The United States Congress designated the Never Summer Wilderness (map
) in 1980 and it now has a total of 20,840 acres
All of this wilderness is located in Colorado
and is managed by the Forest Service.
The Never Summer Wilderness is bordered by
the Rocky Mountain National Park Wilderness
to the east.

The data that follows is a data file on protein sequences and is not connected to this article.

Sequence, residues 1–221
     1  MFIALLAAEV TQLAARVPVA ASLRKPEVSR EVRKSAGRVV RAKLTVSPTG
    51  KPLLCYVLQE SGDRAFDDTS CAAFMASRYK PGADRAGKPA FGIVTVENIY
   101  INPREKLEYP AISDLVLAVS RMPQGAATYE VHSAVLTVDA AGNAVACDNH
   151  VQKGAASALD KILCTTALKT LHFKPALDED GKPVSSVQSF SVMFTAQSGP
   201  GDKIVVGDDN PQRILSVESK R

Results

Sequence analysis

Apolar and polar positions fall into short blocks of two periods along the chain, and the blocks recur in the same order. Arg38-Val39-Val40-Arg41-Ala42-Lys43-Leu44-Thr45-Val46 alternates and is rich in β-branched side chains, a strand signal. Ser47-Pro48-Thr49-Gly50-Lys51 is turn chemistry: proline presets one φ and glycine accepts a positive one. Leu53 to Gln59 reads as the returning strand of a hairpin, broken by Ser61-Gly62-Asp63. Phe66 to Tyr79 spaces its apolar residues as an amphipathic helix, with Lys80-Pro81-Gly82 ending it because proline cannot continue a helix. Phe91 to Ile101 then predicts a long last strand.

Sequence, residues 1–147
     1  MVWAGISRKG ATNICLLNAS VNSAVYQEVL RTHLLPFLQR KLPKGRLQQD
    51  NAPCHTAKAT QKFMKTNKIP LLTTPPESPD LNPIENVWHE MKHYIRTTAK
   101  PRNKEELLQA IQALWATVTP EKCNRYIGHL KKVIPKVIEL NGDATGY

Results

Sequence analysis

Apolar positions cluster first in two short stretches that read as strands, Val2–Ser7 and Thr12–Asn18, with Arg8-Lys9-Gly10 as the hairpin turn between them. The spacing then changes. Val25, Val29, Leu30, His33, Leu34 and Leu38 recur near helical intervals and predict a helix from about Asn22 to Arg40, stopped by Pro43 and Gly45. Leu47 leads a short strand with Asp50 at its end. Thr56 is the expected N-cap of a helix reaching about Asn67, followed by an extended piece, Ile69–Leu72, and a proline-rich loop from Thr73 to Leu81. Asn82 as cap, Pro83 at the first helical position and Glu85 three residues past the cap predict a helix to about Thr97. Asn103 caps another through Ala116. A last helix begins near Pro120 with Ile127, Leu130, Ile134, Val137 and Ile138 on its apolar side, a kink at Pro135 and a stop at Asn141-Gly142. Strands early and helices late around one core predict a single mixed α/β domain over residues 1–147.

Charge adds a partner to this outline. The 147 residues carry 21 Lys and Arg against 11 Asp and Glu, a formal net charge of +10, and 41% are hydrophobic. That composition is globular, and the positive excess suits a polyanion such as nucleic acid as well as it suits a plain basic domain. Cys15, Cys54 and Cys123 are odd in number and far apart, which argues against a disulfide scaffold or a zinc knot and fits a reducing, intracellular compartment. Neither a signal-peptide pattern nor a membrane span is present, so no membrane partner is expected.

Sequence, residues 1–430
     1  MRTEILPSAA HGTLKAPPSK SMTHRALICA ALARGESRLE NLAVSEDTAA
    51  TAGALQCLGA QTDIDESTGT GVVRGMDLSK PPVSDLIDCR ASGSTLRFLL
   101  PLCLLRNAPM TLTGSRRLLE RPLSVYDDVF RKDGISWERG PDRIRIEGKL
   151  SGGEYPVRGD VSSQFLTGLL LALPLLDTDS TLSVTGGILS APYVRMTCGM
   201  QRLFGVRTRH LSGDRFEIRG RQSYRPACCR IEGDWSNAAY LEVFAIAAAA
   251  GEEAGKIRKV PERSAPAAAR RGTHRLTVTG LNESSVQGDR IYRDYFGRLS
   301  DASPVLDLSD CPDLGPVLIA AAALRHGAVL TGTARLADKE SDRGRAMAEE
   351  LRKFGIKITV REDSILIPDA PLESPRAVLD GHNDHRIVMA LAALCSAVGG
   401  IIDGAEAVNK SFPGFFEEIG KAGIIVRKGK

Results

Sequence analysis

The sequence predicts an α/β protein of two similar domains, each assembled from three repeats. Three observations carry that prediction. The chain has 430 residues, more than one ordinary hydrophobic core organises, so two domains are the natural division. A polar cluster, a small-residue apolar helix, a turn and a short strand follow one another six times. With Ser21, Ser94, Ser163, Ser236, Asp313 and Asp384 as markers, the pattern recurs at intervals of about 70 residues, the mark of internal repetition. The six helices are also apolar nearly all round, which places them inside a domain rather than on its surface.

As its name suggests, Never Summer Wilderness gets hit with large amounts of rain and snow that collect on its storm-wracked peaks, which offer relatively gentle terrain and bear names that hint at their cloud-kissed heights: Cirrus, Cumulus, Stratus, and Nimbus. Seventeen summits rise above 12,000 feet, with Howard Mountain towering over all at 12,810 feet. Never Summer supplies water to three main rivers: the Colorado, the North Platte, and the Cache la Poudre. In damp gulches above 10,000 feet trees absorb the abundant moisture and grow old and exceptionally large. Spruce and fir in Bowen Gulch have been measured at four feet in diameter and estimated at 600 years in age, and the Bowen Gulch Trail will take you about five miles into the oldest of the old growth. In the northern section, a series of ponds and bogs provide rare habitats for species seldom seen so far from north-country muskegs: wood frogs, bog bean, pygmy shrew, perhaps even a wolverine or two. Moose have been reintroduced and are faring well. Several lakes and streams shelter trout. Straddling the Continental Divide, Never Summer has about 20 miles of trails that lead up gulches and cross the divide on two high passes.